Commission Chair Lesley Weiss said after the meeting, “Congress and the President originally established the Commission because Orthodox Jewish leaders, like those I was privileged to meet in Brooklyn, feared that cemeteries in Eastern and Central Europe would be lost in the aftermath of European Jewry’s destruction.“While the Commission’s work isn’t limited to cemeteries or to Jewish sites, addressing that original concern remains its priority mission. The meetings I held in New York City Wednesday will help to guide the Commission’s important efforts in protecting and preserving these cemeteries, which are so important to our heritage.”
Richard Altabe, Headmaster of Yeshivat Shaare Torah commented, " It has some years since I witnessed with my own eyes the destruction of my ancestors resting place in Salonika, Greece. We must insure that we protect Jewish cemeteries abroad so that desecrations like the one I witnessed in Salonika never happen again. I thank Rabbi Niederman for hosting this meeting and encourage the Commission to continue to advocate for U.S. Heritage Abroad and seek to tie U.S. aid to securing our cemeteries."
“It was a pleasure to join my colleagues and constituents to honor the work of Commission Chair Lesley Weiss. The work she does to preserve the historical and religious sanctity of many generations is admirable. We must look back to be able to successfully look forward and protecting the holiness of a cemetery takes direct aim at honoring these sanctuaries. I also must acknowledge the work Rabbi David Niederman continues to do on behalf of the Jewish Community worldwide in preserving Jewish cemeteries. His work is so important to honoring the history of many of Williasmburg's families,” said Assemblyman Joseph R. Lentol (D-North Brooklyn).
State Senator Daniel Squadron said, "I thank Chair Weiss for sitting down to discuss the important work of the U.S. Commission for the Preservation of America's Heritage Abroad. Around the world, Jewish cemeteries and other holy sites are threatened, especially in areas in which communities have shrunk or disappeared. Working with community leaders, the Commission is an important part of preservation. I look forward to continuing to support the work being done to protect and honor those sites here and abroad."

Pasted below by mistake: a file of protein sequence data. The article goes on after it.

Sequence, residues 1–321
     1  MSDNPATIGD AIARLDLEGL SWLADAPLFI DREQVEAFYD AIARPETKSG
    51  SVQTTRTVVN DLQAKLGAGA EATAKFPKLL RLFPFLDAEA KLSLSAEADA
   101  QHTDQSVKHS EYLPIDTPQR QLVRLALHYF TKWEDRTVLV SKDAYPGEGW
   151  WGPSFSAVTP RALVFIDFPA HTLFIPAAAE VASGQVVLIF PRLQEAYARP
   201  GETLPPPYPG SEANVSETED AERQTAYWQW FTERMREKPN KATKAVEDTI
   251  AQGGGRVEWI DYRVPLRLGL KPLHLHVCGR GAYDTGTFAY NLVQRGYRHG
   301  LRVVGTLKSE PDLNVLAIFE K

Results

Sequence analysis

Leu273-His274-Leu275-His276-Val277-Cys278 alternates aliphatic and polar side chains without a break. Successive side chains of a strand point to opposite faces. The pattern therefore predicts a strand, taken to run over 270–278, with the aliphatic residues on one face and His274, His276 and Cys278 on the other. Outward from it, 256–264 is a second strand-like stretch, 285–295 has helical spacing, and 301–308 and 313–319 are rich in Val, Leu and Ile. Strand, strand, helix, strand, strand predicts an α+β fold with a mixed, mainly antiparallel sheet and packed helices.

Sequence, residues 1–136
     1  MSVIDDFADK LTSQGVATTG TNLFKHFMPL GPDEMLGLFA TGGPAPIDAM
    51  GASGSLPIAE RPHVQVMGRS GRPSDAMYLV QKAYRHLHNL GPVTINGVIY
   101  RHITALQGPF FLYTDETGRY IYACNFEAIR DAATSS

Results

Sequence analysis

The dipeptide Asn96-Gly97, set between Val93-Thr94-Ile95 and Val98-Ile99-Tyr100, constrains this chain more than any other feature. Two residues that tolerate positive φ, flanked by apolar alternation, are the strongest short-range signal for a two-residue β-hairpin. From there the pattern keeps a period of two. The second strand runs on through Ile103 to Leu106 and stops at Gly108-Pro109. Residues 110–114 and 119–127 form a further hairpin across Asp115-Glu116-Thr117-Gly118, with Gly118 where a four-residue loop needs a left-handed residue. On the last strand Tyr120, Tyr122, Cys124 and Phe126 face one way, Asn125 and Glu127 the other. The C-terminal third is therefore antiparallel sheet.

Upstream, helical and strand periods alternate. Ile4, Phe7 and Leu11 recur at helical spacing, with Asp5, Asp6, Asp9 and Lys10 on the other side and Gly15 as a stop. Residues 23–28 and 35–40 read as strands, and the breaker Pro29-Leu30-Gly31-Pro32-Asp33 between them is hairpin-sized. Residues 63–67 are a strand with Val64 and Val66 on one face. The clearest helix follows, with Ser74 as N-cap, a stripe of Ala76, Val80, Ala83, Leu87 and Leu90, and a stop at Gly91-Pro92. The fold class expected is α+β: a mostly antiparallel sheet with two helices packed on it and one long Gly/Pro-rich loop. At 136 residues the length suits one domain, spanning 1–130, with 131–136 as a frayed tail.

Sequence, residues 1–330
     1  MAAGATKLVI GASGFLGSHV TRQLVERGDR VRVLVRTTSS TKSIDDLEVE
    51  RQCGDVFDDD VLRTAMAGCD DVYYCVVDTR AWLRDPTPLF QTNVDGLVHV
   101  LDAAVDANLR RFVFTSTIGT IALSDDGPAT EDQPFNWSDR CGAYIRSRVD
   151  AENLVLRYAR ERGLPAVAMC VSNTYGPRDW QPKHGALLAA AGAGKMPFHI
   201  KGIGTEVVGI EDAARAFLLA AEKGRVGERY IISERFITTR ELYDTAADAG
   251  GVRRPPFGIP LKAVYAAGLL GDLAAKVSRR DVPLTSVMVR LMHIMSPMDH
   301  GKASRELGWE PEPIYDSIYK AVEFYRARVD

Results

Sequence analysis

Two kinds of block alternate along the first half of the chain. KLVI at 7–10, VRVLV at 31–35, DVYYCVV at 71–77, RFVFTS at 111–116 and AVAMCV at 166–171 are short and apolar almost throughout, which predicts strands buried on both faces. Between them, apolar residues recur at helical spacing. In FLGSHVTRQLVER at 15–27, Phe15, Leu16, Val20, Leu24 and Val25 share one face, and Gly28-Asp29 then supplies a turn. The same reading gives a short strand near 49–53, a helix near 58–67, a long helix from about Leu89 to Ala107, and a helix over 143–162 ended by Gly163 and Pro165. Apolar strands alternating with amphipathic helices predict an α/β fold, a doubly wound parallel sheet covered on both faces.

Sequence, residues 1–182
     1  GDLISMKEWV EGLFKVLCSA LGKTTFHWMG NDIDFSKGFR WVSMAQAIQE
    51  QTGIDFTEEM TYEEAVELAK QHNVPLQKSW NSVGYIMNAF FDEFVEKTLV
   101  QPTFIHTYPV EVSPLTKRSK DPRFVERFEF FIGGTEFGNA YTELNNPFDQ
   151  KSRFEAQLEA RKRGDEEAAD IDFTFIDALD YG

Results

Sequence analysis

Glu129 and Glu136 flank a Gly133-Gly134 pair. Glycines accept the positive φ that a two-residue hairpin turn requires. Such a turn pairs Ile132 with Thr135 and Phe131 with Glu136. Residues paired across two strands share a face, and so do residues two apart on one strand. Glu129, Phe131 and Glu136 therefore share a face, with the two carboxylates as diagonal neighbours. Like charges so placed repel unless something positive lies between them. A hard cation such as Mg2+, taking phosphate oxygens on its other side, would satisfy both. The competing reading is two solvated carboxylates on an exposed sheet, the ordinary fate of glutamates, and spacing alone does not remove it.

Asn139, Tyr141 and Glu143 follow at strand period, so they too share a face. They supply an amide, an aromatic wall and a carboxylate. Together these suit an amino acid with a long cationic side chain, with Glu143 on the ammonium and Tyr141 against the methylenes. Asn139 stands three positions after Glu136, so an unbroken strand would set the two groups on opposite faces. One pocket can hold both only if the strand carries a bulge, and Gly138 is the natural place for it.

“It was a great honor to welcome Chair Weiss to Williamsburg,” said Council Member Stephen Levin. “Protecting Jewish cemeteries and holy sites is incredibly important and dear to our hearts and I was pleased to have the opportunity to discuss the issue with Chair Weiss. I want to thank Rabbi Niederman and the United Jewish Organizations of Williamsburg for hosting the meeting with Chair Weiss."
Commission Chair Lesley Weiss, front row center, Member Herbert Block, front third from the left, and Member Jules Fleischer, front second from the left, pose with members of Admas Kodesh after a meeting February 19th in Brooklyn, New York regarding the preservation of Jewish cemeteries in Eastern and Central Europe--a principal Commission focus. Former Commission Member Rabbi Edgar Gluck is in the last seat on the right.
Standing from left to right are: Chaim Appel, a lawyer who helps restore cemeteries in Europe; Wolf Sender, a Boro Park Jewish activist; Shimon Weinberger, Director of Admas Kodesh, who also represented Satmar Institutions; Yitzchok Reichberg, who helps restore cemeteries in Galicia, Poland; Gary Schlesinger, Executive Board Chairman, UJCare/Admas Kodesh; Leon Goldenberg, Executive Board Chair, Flatbush JCC; David Moskowitz, founder of Jewish Day Schools in Budapest, Hungary; Josh Mehlman, Executive Director, Flatbush JCC; Moshe Vizel, who works on government relations for UJCare/Admas Kodesh; Ezra Friedlander, President of the Friedlander Group; Rabbi Yechiel Landau, Congregation Veretzky and the Flatbush JCC; and Naftali Reiner, who represented the Bobov Institutions. Sitting far left is David Singer, who helps restore cemeteries in Poland. Sitting second from right is Rabbi Gershon Tennenbaum, Director, Agudas Harabonim.
Commission Chair Lesley Weiss (right facing camera) and Member Herbert Block (center
facing camera) meet with personnel of the Heritage Foundation for the Preservation of
Jewish Cemeteries, also known as Avoyseinu, February 19th in Brooklyn, New York. The
Foundation fences and restores Jewish cemeteries in Eastern and Central Europe. The
Commission was established to help such efforts by identifying burial places and other
sites in the region associated with the heritage of Americans, obtaining assurances from
foreign governments that these sites will be protected and preserved, and encouraging and
facilitating site preservation projects.
Commission Chair Lesley Weiss speaks to Orthodox Jewish leaders and local elected
officials at a meeting organized by the United Jewish Organizations of Williamsburg and
North Brooklyn in Brooklyn, NY February 19th. Commission Member Herbert Block is
on her right.
Commission Chair Lesley Weiss was in Brooklyn, New York February 19th to meet with Jewish
leaders in the community that prompted the Congress to establish the Commission. She is shown
here speaking at the first of the meetings, which was held at the office of the Ohel childrens home
and family services organization. Commission Member Jules Fleischer is the second person seated